Re: UDA revisited

From: Bruno Marchal <>
Date: Mon, 20 Nov 2006 14:35:50 +0100

Le 18-nov.-06, à 03:53, Russell Standish a écrit :
> I had a thought about an alternative way of expressing the UDA
> (universal dovetailer argument).
> Computationalism is the statement that "I am a computation".
I disagree. Well to be sure "disagreement is relative", and when I say
I disagree with you, it is not comparable with the disagreement with P.
Jones and apparently Brent Meker (who seems to discard the quantum MW
as well like if they were back at stage one on the everything
It would have been more correct to say "my life is a computation"
instead of "I am a computation". It could be misleading at some points.
Programs and machines are finite object (codable by natural numbers).
Computation are infinite (in general) and not all can be even just
associated to finite objects.
> To use
> the RITSIAR acronym, computations are real in the sense I am real. But
> the Church-Turing thesis gives a particular model of a computation, it
> is effectively defining a computation as something that there is a
> Turing machine emulating.
OK. With CT the "turing" adjective is no more necessary.
> The universal dovetailer is a computation. Contained within its
> execution trace, are the execution traces of all other programs,
> including itself. If we are a program, we can be found inside a
> universal dovetailer, which can be found within another UD (infinitely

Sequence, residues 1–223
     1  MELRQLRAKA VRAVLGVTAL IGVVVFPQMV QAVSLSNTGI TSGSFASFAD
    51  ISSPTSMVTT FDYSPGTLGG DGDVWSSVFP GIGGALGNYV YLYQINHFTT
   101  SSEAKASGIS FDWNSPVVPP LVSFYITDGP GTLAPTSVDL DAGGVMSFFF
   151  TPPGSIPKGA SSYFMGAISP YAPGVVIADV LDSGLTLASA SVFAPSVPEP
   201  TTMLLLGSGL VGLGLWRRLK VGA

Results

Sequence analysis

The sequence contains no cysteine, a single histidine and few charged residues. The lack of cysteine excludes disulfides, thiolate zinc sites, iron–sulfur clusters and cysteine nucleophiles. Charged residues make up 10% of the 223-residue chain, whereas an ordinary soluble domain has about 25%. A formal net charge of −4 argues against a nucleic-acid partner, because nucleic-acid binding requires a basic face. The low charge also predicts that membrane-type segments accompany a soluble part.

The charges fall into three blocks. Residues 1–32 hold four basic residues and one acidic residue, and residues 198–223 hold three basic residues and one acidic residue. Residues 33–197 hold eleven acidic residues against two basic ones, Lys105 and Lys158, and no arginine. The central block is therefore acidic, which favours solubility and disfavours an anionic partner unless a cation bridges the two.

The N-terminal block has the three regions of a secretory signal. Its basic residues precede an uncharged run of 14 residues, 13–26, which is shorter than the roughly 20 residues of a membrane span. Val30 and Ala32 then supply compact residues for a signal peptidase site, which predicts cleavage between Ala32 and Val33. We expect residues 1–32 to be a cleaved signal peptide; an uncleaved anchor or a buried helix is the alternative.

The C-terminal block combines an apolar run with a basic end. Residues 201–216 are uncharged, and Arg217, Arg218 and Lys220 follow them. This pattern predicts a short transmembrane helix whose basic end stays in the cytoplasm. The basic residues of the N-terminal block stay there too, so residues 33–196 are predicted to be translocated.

> many, in fact).
Right, but the "finiteness" will make sense only from the 1 person
point of view. From the third person pov, it is important to keep in
mind the UD is finite and well defined, and general enough through the
> To say that there must be a physical computer on which the dovetailer
> should run, is rather similar to saying there must be an ultimate
> turtle upon which the world rests.
To say this you need induction, that is you need a theory of numbers
(like PA, ZF or even just RA).
But once you have RA, PA, or ZF, you do have an ultimate turtle!
True the UD will generate all possible UDs, but the "first one" is
unavoidable once you accept the notion of natural numbers together with
addition and multiplication. So why not take this into consideration?
> The little old lady was right in
> saying "its turtles all the way down". Of course it is also analogous
> to saying there must be a prime mover to start the causal chain. If
> God created the world, then it immediately poses the question "Who
> created God".
> Since it makes no difference in any observable respect whether we are
> living in a computer simulation running on a bare substrate, as one
> that is incidently computated as part of a universal dovetailer, or an
> infinite chain of dovetailers, we really can make use of Laplace's
> ripost to Napoleon "Sire, I have no need of that hypothesis" with
> respect to a concrete computer running our world.
OK, but note that this should be explained more precisely through the
1-3 pov distinctions.
> To rescue the primitive matter world, we need to deny the existence of
> the universal dovetailer. But this denies the Church Turing thesis -
> we have to say some computations exist (eg ourselves), but others
> don't. To make computationalism compatible with primitive materialism
> requires us to abandon the Church-Turing thesis and redefine what we
> mean by computation.
Actually this is exactly what people like David Deutsch would like to
do. They want to assume a physical world (for example obeying to QM),
and define computation is physical terms, for example by the notion of
"quantum computation".
But indeed this forces him to redefine "Church thesis" in naturalist
terms, and well, that is sort of revisionism, and it cannot work
because they have to postulate arithmetic (or the sinus function which
reintroduces arithmetic in analysis).
Up to those (perhaps minor at this stage) points I agree with you,
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Received on Mon Nov 20 2006 - 08:36:27 PST

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